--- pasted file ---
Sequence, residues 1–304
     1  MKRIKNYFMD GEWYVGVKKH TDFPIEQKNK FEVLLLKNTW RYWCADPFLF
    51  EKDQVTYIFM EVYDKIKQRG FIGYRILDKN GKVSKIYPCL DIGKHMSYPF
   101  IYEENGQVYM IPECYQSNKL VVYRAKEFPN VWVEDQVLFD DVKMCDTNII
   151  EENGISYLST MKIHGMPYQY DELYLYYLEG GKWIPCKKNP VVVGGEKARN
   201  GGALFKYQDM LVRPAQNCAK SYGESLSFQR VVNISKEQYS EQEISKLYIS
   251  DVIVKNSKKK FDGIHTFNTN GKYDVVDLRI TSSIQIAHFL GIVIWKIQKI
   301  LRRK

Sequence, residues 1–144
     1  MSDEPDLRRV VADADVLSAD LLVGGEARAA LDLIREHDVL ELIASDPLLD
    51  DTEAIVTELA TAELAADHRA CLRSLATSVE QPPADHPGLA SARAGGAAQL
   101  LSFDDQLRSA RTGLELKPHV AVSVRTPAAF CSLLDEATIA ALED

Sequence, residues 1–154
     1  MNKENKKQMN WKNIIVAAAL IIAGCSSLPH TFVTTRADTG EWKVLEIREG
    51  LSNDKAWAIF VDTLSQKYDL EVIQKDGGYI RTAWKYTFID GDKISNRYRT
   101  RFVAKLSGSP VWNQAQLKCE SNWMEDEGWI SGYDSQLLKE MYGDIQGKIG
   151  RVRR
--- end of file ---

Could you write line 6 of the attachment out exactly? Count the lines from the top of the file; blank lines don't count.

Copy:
   201  GGALFKYQDM LVRPAQNCAK SYGESLSFQR VVNISKEQYS EQEISKLYIS